Proposed anti-fraud plan could harm providers
WASHINGTON - A bill that would give CMS more time to pay claims when fraud is suspected could punish legitimate providers, stakeholders say.
Introduced Nov. 16 by Sen. Charles Grassley, R-Iowa, S. 2774 would give the Department of Health and Human Services secretary the discretion to extend its payment window up to 365 calendar days for claims submitted by certain categories of services or suppliers or by suppliers in certain geographic areas.
"The bill is so broad that it could unfairly impact providers who have done nothing wrong," said industry attorney Asela Cuervo. "CMS could apply a payment delay to entire product lines or an entire state."
The bill's lack of specific details--what constitutes a "category" for example--could leave thousands of providers at risk for delayed payments.
"If I happen to be in Miami doing power chairs does that mean they won't pay me for a year?" said Wayne Stanfield, president of the National Association of Independent Medical Equipment Suppliers (NAIMES). "That could have a devastating effect on the industry."
However well intentioned, the bill doesn't get at the heart of Medicare's fraud problem: It's too easy for crooks to game the system, say industry watchers.
"They need to focus on CMS and why they or their contractors are continuing to provide Medicare numbers to companies that are not meeting current requirements (for obtaining billing numbers)," said Seth Johnson, vice president of government affairs for Pride Mobility. "That is blatant fraud. There are significant signs of waste that could be taken out of the program if they utilized and enforced the requirements that are currently mandated."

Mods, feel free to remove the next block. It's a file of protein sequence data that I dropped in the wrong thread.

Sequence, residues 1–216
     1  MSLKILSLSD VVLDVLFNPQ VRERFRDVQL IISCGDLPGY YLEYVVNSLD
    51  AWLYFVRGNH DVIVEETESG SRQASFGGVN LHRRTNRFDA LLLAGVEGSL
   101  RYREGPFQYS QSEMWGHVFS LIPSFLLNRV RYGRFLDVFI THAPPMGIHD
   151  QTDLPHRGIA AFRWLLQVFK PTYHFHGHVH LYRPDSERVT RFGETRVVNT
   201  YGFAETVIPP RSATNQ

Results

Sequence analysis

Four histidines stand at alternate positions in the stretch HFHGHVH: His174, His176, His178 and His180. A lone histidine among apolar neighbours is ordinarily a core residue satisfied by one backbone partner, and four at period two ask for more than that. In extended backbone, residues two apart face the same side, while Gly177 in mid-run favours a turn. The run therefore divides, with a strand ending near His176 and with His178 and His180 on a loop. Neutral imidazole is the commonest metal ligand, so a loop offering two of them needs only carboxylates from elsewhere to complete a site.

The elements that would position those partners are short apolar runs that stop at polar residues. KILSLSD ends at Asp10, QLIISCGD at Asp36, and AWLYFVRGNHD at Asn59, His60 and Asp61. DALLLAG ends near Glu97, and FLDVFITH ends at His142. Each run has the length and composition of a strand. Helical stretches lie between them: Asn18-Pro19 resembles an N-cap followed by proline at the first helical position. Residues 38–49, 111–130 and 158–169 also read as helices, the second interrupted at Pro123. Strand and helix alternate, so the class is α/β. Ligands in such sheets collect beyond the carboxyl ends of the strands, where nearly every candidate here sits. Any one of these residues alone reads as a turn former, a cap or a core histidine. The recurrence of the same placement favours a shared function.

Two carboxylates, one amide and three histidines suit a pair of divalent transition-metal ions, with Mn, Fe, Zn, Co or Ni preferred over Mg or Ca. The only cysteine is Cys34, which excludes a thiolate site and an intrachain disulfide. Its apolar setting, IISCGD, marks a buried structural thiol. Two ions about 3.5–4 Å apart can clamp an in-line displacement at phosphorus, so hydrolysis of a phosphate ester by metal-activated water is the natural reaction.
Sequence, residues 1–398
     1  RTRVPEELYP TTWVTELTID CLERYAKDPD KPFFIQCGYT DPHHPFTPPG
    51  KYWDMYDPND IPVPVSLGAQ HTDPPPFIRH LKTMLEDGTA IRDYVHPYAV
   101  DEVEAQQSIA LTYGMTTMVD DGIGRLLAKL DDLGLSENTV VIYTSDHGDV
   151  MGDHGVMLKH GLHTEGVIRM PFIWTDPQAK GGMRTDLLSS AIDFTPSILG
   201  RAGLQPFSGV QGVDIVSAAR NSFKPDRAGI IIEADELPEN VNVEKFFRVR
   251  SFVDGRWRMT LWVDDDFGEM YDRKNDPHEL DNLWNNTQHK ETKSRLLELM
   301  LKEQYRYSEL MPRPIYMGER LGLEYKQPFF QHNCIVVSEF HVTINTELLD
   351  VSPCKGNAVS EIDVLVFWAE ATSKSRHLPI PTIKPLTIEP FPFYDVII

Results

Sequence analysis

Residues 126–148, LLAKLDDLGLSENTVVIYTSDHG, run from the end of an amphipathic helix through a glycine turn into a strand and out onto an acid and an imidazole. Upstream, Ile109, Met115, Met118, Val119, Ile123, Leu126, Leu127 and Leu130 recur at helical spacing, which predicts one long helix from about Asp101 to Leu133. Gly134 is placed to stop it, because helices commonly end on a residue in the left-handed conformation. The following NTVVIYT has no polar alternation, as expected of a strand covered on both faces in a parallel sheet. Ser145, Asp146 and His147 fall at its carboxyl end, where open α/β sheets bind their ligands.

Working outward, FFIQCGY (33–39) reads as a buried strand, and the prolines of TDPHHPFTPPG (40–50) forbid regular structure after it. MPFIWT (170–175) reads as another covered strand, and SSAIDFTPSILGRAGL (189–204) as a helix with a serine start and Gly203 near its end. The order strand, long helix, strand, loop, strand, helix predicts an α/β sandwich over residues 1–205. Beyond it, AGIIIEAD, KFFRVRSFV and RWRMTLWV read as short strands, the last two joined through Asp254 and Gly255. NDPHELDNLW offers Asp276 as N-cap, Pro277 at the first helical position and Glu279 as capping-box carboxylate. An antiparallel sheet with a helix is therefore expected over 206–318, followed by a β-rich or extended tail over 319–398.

News reports surfaced last week that CMS ignored warnings from its own inspectors about potential fraud cases. In response, Secretary Kathleen Sebelius has said her office is implementing a new system for tracking "red flags."
"How is she going to do anything when, a year into the president's term, they don't even have a director of CMS," said John Gallagher, vice president of government relations for VGM.
Another bill aimed at Medicare fraud was introduced on Oct. 30. Sponsored by Sen. George LeMieux, R-Fla., it seeks to establish an office dedicated to Medicare fraud prevention. The bill, S. 2128, would also require background checks for new Medicare suppliers, as well as site visits during the enrollment process and unannounced site visits during the re-enrollment process.
As the health care reform debate rages on, stakeholders expect Medicare fraud to continue to be a hot topic.
"When major initiatives are put forth, they want to make sure the programs are operating in the most efficient manner," said Walt Gorski, vice president of government affairs for AAHomecare. "If you are looking to find every (health care) nickel and somebody is saying here is $60 billion in (fraud, waste and abuse) it behooves everyone to focus attention on that."